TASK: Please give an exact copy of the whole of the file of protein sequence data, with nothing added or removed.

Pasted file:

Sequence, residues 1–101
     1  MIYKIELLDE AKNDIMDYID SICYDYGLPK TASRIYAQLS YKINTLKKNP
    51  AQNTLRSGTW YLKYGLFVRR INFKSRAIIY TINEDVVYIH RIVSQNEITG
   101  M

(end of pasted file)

Sequence, residues 1–101
     1  MIYKIELLDE AKNDIMDYID SICYDYGLPK TASRIYAQLS YKINTLKKNP
    51  AQNTLRSGTW YLKYGLFVRR INFKSRAIIY TINEDVVYIH RIVSQNEITG
   101  M